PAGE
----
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Experts made synthetic cells that multiply like natural bacteria


Key points from article :

Synthetic cells made by combining components of Mycoplasma bacteria with a chemically synthesised genome.

Can grow and divide into cells of uniform shape and size, just like most natural bacterial cells.

In 2016, researchers at the J. Craig Venter Institute in San Diego created synthetic minimal cells (JCVI-syn3.0).

They weren’t splitting uniformly to produce identical daughter cells.

“Creators had thrown out all the parts of the genome that they thought were not essential,” - Elizabeth Strychalski, lead researcher.

Added seven genes to JCVI-syn3.0 to produce a new synthetic cell, to restore normal, uniform cell division and growth.

Two of the seven genes were known to be involved in cell division.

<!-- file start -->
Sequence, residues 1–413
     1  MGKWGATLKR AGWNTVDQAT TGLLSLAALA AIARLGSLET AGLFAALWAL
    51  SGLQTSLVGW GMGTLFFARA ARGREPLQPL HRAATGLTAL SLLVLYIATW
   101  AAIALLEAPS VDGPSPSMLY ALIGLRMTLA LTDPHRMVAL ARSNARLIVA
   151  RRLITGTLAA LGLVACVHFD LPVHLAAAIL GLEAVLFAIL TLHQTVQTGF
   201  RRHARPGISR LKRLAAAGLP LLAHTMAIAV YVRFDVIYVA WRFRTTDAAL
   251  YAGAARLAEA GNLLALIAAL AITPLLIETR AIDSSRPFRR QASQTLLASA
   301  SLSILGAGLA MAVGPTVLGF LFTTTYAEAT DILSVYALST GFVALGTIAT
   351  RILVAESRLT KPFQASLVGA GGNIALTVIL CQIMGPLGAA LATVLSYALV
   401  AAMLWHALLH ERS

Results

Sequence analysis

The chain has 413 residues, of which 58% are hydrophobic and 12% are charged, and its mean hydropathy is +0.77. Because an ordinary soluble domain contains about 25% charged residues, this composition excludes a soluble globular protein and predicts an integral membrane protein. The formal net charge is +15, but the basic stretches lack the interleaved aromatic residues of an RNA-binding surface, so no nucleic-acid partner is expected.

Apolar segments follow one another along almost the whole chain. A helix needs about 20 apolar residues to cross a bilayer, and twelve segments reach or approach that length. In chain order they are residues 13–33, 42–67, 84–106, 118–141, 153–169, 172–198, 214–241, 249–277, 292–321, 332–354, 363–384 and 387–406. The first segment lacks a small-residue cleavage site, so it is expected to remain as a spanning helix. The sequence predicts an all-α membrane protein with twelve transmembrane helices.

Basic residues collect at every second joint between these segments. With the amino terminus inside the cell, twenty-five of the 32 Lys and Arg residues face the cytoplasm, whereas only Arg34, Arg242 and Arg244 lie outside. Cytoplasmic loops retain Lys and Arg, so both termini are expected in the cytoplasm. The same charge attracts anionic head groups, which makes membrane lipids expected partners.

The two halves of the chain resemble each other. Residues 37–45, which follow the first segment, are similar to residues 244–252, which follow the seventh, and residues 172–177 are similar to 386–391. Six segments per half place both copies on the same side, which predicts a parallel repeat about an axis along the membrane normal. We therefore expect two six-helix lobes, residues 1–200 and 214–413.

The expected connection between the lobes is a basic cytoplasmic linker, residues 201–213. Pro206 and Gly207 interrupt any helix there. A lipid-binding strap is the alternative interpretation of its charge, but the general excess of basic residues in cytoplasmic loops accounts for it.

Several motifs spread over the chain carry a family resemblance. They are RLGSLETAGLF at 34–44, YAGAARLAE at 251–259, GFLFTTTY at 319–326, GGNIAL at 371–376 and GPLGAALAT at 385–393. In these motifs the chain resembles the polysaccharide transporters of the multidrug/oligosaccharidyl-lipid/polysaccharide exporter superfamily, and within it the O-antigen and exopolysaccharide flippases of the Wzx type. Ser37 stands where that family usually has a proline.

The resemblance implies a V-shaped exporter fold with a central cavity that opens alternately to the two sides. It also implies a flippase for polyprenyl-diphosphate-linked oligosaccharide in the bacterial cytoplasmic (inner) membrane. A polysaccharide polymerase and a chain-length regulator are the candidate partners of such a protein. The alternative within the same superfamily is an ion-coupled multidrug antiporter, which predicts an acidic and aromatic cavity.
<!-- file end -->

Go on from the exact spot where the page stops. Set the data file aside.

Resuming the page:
"Synthetic cells are a tool for both basic research and biotechnology," - Kate Adamala at the University of Minnesota.

“Potential applications are vast, in agriculture, nutrition, biomedicine and environmental remediation,” - Jef Boeke at NYU.

Research published in the journal Cell.

7 additional genes created normally dividing artificial cells - interesting tool for future research works

Mentioned in this article:


Research group leader of Cellular Engineering at National Institute


Non-profit genomics research institute.


Director of the Institute for Systems Genetics at NYU Langone Medical Center


Synthetic biologist and a professor of genetics at the University of Minnesota.